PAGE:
Results: There were 1034 admissions to the PICU in the study period, of which 926 blood samples were sent for culture and sensitivity. A total of 31 Candida non-albicans and five Candida albican species were isolated. C. tropicalis was the most common type (44.4%) of Candida species found, followed by C. glabrata (16.7%), C. parapsilosis (16.7%) and C. krusei (5.6%). The sensitivity of all Candida isolates to Amphotericin B, Clotrimazole, Voriconazole, Itraconazole, Ketoconazole, Nystatin, and Fluconazole was 94.4%, 91.7%, 88.9%, 86.1%, 77.8%, 52.8%, and 38.9% respectively. The use of a central venous catheter was a statistically significant contributor to mortality due to candidemia.
Conclusion: Non-albican Candida species are the predominant cause of candidemia this study. They are associated with higher fatality rates. Sensitivity of the Candida spp. was more common to Amphotericin-B than azoles.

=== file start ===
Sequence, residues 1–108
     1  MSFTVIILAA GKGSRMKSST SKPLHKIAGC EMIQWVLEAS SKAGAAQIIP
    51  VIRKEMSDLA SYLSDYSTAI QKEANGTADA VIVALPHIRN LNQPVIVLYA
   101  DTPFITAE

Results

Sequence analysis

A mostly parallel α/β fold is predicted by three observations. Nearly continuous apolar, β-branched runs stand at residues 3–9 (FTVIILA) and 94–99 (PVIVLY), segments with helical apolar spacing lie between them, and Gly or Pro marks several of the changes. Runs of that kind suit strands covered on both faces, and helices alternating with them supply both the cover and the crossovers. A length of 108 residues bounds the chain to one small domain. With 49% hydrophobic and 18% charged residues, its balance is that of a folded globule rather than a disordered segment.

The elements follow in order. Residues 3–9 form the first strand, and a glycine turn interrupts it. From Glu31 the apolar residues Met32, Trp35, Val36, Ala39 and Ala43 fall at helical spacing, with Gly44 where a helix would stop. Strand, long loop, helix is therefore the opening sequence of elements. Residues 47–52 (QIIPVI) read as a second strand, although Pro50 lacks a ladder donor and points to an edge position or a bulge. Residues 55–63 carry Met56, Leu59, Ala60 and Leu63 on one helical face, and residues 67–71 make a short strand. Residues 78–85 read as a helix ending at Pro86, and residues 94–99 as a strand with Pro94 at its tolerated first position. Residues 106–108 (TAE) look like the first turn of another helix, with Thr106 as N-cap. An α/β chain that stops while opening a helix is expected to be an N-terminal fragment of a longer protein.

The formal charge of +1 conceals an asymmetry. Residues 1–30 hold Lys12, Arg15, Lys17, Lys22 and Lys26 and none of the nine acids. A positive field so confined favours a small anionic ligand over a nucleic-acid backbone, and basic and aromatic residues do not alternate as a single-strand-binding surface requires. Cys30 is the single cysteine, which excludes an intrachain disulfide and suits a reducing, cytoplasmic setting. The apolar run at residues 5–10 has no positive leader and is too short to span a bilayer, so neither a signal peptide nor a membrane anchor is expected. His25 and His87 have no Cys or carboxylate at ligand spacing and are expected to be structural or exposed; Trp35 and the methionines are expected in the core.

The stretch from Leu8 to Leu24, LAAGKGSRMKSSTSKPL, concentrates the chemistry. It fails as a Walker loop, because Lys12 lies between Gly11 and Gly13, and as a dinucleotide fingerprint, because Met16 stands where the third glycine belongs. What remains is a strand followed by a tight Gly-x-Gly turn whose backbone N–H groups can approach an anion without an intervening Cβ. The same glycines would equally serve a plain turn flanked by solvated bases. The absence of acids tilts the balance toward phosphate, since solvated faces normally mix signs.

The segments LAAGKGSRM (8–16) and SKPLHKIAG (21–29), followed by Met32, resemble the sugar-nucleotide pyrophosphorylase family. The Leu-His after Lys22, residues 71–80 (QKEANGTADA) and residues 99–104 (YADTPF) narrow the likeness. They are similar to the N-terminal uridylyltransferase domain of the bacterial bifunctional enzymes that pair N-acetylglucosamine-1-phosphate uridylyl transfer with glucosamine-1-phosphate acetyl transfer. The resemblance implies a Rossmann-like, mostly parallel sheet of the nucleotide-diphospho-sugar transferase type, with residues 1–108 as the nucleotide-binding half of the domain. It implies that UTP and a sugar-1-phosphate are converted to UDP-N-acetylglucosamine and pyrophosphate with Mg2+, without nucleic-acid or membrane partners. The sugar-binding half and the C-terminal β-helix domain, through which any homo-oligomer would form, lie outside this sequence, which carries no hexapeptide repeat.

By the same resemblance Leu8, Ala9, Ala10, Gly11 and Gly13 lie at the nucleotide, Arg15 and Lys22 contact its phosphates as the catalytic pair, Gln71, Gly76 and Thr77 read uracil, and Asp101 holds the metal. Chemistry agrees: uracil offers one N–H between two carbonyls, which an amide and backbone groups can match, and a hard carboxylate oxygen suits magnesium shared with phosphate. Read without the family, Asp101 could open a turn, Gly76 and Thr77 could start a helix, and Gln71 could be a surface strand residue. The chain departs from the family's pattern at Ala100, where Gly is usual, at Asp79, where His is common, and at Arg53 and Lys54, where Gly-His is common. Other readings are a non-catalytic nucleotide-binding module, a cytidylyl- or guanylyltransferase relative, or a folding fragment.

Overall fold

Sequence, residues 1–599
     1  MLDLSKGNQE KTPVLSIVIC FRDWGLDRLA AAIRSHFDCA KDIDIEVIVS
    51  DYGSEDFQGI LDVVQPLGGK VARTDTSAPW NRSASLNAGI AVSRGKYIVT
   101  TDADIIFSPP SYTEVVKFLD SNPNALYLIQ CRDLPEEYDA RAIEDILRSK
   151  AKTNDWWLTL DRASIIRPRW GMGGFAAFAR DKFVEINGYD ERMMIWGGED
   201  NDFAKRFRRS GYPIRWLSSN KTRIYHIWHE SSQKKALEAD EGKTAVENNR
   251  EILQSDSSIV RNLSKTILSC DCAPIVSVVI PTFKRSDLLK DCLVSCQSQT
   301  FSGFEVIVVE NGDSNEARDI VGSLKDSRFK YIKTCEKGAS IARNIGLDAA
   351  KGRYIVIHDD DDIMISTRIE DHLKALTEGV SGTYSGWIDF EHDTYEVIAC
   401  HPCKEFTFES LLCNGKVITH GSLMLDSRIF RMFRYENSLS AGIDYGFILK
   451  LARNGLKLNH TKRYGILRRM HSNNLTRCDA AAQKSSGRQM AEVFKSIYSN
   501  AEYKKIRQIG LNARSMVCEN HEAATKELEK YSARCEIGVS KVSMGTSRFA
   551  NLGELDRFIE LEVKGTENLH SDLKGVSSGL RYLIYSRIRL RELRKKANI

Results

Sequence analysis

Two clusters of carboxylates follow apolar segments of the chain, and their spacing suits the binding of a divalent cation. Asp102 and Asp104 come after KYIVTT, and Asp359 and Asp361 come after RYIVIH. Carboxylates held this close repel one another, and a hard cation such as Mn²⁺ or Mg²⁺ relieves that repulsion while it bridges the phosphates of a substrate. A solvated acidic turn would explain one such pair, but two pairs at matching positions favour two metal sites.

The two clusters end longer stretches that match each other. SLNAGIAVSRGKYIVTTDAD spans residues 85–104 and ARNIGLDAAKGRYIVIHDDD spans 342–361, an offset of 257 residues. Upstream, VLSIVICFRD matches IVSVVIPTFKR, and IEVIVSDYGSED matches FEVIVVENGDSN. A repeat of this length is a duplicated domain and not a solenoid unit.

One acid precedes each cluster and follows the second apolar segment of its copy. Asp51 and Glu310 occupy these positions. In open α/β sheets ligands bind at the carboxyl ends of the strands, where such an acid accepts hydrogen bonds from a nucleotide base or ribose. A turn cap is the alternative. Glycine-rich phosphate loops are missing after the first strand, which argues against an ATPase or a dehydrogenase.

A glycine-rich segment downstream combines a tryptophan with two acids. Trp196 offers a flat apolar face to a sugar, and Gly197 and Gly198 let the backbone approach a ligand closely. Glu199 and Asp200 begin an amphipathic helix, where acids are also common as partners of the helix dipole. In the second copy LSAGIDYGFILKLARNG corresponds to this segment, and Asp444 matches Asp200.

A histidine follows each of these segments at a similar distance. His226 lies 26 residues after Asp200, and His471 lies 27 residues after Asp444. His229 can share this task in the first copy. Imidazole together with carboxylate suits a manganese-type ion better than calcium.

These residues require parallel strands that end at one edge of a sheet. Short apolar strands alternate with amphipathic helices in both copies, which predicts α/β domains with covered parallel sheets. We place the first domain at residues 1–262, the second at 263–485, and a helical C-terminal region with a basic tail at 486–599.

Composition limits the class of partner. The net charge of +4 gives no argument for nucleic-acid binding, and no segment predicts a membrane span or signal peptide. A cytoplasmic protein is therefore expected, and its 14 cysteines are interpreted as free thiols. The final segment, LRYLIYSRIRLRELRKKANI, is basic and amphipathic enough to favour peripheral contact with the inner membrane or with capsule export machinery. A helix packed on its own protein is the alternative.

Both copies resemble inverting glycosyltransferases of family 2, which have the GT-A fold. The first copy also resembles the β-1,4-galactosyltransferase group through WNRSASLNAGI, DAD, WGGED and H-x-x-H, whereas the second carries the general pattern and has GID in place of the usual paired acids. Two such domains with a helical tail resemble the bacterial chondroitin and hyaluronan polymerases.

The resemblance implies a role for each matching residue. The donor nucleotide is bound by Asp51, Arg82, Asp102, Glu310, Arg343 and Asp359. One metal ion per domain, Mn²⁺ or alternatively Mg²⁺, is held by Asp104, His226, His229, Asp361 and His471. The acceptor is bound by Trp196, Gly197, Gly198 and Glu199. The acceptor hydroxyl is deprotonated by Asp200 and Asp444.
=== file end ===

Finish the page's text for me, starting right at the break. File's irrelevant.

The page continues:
Keywords: Antifungal susceptibility, non-albicans candida, pediatric intensive care

How to cite this article:
Behera C, Mishra R, Jena PK, Mishra S, Sahoo B, Patnaik SB, Jain M. Candidemia in the pediatric intensive care unit in Eastern India. J Pediatr Crit Care 2020;7:237-42

How to cite this URL:
Behera C, Mishra R, Jena PK, Mishra S, Sahoo B, Patnaik SB, Jain M. Candidemia in the pediatric intensive care unit in Eastern India. J Pediatr Crit Care [serial online] 2020 [cited 2021 Mar 4];7:237-42. Available from: http://www.jpcc.org.in/text.asp?2020/7/5/237/295020